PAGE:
Tibet, the roof of the world and one of the most beautiful and untamed areas of our planet. Unspoiled by human beings, this remote region attracts not only those keen to conquer the highest mountains on Earth but those who want to find a deeper meaning for their existence.
Home to the Dalai Lama, this peaceful Buddhist nation rejects many of the trappings of the modern world, preferring instead to search within for peace, happiness and fulfillment. Shrouded in mystery and largely inaccessible until the last century, much about Tibet remains unknown and undiscovered.
Intriguingly, over the recent years, some of the secrets of this mystical place have begun to filter into the Western World. One such secret has caught the imagination of many, inspiring debate, inquiry, and even novels. That secret suggests that deep within the valleys of the Tibetan Plateau, hidden from human eyes, live the immortal beings of the Himalayas.
The story of the Gyanganj has been told and retold in Indian and Tibetan culture for many centuries. Sometimes known as Shambhala (source of happiness), it is a city of stunning beauty hidden deep within the valleys of the Himalayas. Arranged to resemble an eight-petaled lotus, it is surrounded by snow covered mountains. At its center stands the tree of life which unites heaven, earth, and the underworld.
For the few who have seen Gyanganj or Shambhala, it is described as a city of shimmering crystal. Its occupants are immortals who are responsible for guiding the fate of the world. Living within this mystical kingdom they protect and nurture the spiritual teachings of all faiths and beliefs. Imparting their wisdom to others they subtly work to influence the destiny of mankind for the good.
Tibetan Buddhists believe that at a time of great chaos in the world, the 25th ruler of this special land will appear to guide Earth to a better age.
The 1933 novel The Lost Horizon by James Hilton is largely responsible for bringing the story of Gyanganj to the west. Inspired by his time in Tibet, the book tells the story of a British man who finds love peace and fulfillment in a place called Shangri-La, a city of immortals deep in the Tibetan mountains.
Spurred on by his work a few intrepid explorers have gone in search of this enigmatic city without success. Surely if such a place did exist it would have been discovered by now. Satellite technology and modern mapping techniques mean there are very few areas of the world that remain completely hidden or undiscovered.
The answer lies in the nature of Gyanganj. The city exists simultaneously in a material, psychic and spiritual dimension and can only be reached through, prayer, meditation and ultimately enlightenment.
Visitors to Gyanganj
The story of Gyanganj could easily be dismissed as a beautiful fable from a land far away except that there are those living among us who claim to have seen Gyanganj for themselves and returned to tell of their of their experiences.
In 1942 a British army officer, L.P. Farrel was invited to attend a picnic with the king of one of the mountainous regions in the Himalayas. Invited along because of his strong interest in the local culture and Buddhism, he was about to undergo a life changing experience. The picnic party pitched tents as darkness fell, intending to spend the night in the mountains. Almost as soon as he fell asleep Farrel was awoken by a supernatural being who asked him to come to a spot further up the mountain. Terrified, the army officer remained in his tent. Throughout the night, the apparition appeared to him again. At dawn, Farrel decided to make his way to the spot where the ghostly visitor had indicated.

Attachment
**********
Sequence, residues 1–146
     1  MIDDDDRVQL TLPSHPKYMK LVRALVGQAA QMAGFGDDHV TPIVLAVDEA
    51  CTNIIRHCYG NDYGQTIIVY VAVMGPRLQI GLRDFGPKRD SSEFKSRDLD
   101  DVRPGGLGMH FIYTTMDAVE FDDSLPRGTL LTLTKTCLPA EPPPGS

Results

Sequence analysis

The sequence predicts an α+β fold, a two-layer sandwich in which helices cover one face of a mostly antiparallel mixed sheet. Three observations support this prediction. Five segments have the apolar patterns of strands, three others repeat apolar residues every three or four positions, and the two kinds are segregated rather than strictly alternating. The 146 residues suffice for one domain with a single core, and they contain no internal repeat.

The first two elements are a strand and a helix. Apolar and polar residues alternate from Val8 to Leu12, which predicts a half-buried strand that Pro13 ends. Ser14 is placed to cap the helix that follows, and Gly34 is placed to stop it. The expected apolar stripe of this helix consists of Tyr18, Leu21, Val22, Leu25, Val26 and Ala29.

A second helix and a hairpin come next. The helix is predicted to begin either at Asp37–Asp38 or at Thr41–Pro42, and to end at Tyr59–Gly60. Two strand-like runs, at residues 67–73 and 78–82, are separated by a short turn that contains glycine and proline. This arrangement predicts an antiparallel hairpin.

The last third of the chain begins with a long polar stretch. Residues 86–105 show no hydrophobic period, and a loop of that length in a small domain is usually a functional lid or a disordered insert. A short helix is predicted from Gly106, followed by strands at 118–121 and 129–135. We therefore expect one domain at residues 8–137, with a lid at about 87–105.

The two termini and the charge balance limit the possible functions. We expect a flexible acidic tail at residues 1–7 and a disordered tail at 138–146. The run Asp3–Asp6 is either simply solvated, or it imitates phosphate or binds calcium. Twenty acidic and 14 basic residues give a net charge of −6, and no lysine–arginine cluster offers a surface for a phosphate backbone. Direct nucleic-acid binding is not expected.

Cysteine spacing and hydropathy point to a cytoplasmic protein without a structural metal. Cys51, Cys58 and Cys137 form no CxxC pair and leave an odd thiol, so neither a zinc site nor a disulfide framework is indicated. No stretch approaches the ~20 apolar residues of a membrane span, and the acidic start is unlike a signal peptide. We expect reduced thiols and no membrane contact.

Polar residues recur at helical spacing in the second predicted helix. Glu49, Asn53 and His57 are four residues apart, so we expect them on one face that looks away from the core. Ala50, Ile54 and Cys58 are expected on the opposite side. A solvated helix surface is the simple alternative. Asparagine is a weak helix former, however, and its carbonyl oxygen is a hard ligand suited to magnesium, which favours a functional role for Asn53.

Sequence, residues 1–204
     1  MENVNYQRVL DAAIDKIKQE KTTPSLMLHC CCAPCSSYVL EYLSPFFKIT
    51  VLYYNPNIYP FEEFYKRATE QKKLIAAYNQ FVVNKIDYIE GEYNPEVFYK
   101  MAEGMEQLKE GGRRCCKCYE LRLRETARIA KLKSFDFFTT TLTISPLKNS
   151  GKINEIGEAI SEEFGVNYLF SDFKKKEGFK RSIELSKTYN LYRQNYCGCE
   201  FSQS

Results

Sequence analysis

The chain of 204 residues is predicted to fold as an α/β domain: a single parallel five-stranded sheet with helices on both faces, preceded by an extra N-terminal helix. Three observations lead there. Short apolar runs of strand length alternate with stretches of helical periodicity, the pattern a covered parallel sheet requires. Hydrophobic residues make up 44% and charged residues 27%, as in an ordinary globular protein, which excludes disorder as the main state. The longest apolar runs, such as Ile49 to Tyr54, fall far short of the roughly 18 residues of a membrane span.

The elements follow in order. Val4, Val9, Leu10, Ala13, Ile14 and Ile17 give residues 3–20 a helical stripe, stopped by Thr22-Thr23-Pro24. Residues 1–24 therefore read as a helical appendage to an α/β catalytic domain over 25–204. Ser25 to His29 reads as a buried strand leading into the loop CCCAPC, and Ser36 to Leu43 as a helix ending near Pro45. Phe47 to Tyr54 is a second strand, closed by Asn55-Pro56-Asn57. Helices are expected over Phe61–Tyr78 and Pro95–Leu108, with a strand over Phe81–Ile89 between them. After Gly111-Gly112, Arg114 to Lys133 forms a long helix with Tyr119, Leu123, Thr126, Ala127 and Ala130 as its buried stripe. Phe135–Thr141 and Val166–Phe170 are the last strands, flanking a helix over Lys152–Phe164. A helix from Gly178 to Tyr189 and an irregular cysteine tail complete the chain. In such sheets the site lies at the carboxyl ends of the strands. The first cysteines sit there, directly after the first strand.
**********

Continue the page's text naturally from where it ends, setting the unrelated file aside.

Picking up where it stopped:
When he arrived he was met by an old man who he described as a sage. The sage knew Farrel’s name and seemed to glow with a strange light. When he touched the army officer, he seemed to be filled with electricity. The saintly man asked Farrel to vacate the place where the tents were pitched as later in the day a young man would arrive at that very spot. This young man had a special destiny to fulfill and this would be hindered if the tents were not moved. Farrel did as he was told and the party moved their tents.
Later that day a young man arrived on the spot where the tents had previously stood. Watching, the army officer witnessed the land around him change. A light lit up a nearby tree and the life of the young man was replayed to him like a movie at the cinema. Around him, Farrel could see people and buildings where there had been nothing but grass and rocks before. By the end of the experience, the boy declared that he was ready to abandon his earthly ties and enter Gyanganj.
Nobody from Farrel’s party witnessed the scenes that he and the young man saw clearly. The army officer understood that he had only seen a glimpse of Shambhala, but it was enough to change the course of his life forever.
If we accept that there is a city somewhere on Earth that can only be reached through meditation and enlightenment, can we also accept that there are beings that will live forevr?
Strangely, the idea of immortality is a concept that is becoming increasingly more popular in the scientific community. Some scientists now suggest that death is not an inevitable part of our existence, instead it should be viewed as a disease which can be cured or prevented.
Ayurveda medicine has traditionally used herbs, spices, and fruits with powerful rejuvenating properties that encourage cell renewal. Hormones secreted by the body often have a detrimental effect on our internal organs. Meditation has been shown to control these hormones and encourage longevity.
If science can accept that within the foreseeable future humans will live for hundreds of years, who is to say that those who immerse themselves in the deeply spiritual religions of the east haven’t discovered the secret to immortality already.
October 10, 2016